The Judicial Qualifications Commission has been asked to render an opinion as to whether the Georgia Code of Judicial Conduct prohibits a judge from writing a recommendation for employment or further education for a person who served as law clerk or intern, deputy sheriff, legal secretary or court reporter in the judge’s court and office and who was responsible to the judge for the performance of their duties in these positions.
We are also asked to render an opinion as to whether the Canons prohibit a judge from writing a recommendation for employment or further education of other employees in the court (such as a probation officer, detention and clerical staff) whose performance of duties was known to the judge.
Finally, an opinion is requested as to whether the Canons prohibit the signing of applications for bar examinations for a law intern who has worked with the judge in the court.
Generally, a judge is charged with the duty of avoiding impropriety, and the appearance of impropriety in all of his activities. This is the title to Canon 1. As an illustration of this obligation, Rule 1.3 of this Canon provides that “Judges shall not lend the prestige of their office to advance the private interests of the judge or others.”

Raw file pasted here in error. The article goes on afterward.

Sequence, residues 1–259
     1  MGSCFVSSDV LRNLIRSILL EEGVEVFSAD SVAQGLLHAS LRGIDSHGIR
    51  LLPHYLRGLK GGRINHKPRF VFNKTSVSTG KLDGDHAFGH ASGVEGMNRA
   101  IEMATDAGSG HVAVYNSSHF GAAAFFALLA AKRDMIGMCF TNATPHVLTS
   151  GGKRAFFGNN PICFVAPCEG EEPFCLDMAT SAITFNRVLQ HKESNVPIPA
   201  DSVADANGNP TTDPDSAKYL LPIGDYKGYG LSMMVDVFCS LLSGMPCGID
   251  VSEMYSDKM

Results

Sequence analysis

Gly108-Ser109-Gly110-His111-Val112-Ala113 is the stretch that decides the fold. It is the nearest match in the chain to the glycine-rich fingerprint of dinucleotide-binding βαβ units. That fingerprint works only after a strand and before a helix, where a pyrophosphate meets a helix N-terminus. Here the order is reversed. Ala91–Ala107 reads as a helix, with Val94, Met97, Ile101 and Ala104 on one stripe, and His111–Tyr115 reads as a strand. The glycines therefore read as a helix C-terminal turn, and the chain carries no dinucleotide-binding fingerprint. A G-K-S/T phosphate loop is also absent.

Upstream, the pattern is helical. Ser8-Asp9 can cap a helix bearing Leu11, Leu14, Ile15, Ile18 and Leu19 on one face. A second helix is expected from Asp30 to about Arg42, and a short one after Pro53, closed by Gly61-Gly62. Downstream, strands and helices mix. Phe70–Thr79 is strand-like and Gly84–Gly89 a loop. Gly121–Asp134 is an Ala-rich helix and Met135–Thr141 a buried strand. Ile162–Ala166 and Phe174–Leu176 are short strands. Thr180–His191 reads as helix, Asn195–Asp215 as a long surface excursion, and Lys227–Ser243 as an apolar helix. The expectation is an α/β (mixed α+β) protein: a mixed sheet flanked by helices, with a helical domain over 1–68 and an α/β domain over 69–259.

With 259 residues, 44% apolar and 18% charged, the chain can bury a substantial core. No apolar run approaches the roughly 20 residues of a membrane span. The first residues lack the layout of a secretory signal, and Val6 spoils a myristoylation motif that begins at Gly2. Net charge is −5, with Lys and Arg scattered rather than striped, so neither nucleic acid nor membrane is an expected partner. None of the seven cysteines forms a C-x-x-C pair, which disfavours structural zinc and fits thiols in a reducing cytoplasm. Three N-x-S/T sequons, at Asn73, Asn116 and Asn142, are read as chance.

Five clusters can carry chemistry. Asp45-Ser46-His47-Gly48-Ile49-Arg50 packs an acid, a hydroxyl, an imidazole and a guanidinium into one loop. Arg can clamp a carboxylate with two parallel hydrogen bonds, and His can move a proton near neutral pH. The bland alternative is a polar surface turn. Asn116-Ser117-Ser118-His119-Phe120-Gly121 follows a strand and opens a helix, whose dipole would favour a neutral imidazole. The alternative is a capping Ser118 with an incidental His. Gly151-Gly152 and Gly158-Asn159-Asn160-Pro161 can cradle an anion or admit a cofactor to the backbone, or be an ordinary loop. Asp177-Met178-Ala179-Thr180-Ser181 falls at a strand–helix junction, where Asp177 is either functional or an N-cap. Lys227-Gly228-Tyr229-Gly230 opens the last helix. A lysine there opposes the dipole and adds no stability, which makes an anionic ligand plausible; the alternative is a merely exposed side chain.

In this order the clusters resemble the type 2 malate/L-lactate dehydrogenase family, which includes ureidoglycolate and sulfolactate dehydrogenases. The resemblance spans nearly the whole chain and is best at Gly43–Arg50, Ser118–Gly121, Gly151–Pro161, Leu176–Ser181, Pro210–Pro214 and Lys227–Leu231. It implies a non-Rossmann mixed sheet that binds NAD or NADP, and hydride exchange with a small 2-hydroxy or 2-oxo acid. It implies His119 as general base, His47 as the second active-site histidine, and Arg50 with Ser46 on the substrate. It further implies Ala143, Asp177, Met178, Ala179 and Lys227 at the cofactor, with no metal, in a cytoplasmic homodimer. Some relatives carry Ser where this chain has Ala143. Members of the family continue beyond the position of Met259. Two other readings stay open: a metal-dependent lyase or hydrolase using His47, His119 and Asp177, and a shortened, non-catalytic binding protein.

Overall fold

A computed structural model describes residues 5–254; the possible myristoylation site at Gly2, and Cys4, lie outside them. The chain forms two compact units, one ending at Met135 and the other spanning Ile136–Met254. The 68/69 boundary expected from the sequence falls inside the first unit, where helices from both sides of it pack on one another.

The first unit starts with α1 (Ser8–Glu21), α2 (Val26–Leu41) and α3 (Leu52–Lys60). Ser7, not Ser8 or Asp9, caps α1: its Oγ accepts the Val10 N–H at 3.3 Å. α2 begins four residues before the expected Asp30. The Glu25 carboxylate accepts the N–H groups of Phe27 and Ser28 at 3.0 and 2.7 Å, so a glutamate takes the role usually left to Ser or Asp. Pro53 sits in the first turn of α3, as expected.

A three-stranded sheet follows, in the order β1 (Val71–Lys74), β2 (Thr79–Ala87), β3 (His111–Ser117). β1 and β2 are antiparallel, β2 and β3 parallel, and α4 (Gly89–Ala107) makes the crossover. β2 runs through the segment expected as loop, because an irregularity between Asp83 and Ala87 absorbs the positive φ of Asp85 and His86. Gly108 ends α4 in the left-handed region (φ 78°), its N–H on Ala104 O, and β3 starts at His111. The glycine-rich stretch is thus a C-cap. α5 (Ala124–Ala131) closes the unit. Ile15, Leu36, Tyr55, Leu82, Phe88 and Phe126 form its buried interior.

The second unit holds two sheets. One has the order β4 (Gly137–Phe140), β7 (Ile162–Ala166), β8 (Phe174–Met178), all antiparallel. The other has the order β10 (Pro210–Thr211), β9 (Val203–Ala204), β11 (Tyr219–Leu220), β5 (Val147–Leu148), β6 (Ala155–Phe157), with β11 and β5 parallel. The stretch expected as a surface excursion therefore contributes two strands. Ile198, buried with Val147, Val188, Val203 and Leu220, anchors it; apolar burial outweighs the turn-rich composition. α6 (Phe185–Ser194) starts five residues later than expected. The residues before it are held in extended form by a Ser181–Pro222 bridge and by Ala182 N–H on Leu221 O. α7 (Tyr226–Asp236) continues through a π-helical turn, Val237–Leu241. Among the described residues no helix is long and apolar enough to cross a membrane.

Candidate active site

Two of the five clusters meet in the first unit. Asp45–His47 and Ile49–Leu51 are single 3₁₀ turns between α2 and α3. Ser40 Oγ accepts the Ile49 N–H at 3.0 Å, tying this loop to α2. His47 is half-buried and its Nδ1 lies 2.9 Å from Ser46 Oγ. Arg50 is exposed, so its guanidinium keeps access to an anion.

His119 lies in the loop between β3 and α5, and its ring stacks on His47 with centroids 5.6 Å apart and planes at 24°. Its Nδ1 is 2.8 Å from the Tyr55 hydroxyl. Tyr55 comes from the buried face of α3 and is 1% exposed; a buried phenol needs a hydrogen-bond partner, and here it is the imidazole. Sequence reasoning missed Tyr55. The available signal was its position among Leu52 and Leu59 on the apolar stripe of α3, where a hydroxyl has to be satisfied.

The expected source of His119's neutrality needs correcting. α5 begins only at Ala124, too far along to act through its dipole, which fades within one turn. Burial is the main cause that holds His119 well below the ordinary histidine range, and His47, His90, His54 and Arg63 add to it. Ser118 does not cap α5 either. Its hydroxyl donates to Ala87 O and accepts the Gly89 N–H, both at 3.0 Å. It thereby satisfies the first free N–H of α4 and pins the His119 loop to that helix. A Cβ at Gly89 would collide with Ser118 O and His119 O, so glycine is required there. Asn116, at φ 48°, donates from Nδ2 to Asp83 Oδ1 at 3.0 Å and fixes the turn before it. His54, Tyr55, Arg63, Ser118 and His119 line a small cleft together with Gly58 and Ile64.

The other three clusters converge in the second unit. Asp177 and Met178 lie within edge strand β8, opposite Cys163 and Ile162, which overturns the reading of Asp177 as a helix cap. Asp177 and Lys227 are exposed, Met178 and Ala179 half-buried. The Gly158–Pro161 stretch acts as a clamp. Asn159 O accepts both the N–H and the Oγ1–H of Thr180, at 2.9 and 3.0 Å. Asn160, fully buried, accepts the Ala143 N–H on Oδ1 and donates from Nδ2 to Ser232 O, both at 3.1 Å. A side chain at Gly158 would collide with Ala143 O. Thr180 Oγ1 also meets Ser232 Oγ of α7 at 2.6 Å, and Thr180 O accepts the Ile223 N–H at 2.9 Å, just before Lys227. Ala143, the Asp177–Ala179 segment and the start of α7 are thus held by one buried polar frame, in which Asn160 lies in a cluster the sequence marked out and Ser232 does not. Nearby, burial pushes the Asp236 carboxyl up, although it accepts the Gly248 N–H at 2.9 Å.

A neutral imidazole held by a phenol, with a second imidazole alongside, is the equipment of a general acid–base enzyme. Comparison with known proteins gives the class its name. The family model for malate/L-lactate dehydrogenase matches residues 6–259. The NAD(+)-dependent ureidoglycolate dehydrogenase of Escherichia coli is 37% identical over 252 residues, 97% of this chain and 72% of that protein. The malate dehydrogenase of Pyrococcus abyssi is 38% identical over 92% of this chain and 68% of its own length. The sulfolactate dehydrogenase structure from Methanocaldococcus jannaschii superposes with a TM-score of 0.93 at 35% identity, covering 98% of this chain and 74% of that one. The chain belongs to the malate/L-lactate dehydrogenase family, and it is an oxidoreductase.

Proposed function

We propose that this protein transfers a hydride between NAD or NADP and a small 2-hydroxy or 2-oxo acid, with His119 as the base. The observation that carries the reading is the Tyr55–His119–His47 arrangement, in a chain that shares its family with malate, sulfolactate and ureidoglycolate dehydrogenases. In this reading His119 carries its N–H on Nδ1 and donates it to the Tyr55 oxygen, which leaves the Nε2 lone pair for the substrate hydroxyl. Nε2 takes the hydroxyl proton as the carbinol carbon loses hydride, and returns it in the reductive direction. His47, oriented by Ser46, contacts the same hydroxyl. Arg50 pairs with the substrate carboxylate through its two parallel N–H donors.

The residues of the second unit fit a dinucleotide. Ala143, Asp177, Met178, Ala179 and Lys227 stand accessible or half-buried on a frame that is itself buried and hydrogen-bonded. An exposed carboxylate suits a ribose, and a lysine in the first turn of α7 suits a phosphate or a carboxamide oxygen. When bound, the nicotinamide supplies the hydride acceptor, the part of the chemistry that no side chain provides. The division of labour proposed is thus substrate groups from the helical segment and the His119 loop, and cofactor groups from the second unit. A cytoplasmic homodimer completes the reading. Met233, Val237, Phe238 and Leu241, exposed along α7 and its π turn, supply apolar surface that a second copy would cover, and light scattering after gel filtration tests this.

The questions propounded in general refer to letters written by a judge which recommend a person, whose character and capabilities are well known to the judge, for employment or educational opportunities. The final question also involves the act of a judge in certifying to the character of an applicant who desires to take the bar examination.
It does not appear to the Commission that as a general rule any of these types of recommendations would constitute a violation of Canon 1.
However, there could, of course, be special instances that might make the recommendation improper, such as a recommendation for employment directed to an employer who then has a case pending in a judge’s court. There might be other situations which would indicate to a judge that it was not the judge’s individual endorsement which was being sought, but that primarily it was the office that was the important factor in the situation. However, the Commission feels that a judge should have no difficulty in distinguishing between the two situations.
[Pertinent Code of Judicial Conduct provisions: Rule 1.2(B), 2.4(C), 2.13(A)(2), 3.7(A)(3). Cross reference to other relevant opinions for review: #30, #63, #64.]